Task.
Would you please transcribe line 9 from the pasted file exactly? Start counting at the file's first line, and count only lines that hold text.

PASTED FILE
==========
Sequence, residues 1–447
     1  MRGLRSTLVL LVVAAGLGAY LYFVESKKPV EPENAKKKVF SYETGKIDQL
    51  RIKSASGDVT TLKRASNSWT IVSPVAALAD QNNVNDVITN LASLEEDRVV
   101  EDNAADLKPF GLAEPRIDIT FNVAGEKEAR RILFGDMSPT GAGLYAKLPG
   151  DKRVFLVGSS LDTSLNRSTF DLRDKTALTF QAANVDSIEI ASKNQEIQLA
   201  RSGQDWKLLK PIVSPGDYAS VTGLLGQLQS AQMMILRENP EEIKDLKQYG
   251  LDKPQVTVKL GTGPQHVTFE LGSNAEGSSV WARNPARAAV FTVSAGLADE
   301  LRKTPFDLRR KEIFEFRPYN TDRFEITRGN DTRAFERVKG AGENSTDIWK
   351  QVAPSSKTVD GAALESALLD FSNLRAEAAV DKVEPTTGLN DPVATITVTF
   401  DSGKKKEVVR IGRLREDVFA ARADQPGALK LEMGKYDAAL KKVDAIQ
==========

   351  QVAPSSKTVD GAALESALLD FSNLRAEAAV DKVEPTTGLN DPVATITVTF